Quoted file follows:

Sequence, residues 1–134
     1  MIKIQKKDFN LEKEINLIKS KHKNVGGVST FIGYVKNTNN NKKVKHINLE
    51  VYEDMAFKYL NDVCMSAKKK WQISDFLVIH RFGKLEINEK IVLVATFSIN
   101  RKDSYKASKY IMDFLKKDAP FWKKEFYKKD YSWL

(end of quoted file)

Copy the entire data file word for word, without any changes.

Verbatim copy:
Sequence, residues 1–134
     1  MIKIQKKDFN LEKEINLIKS KHKNVGGVST FIGYVKNTNN NKKVKHINLE
    51  VYEDMAFKYL NDVCMSAKKK WQISDFLVIH RFGKLEINEK IVLVATFSIN
   101  RKDSYKASKY IMDFLKKDAP FWKKEFYKKD YSWL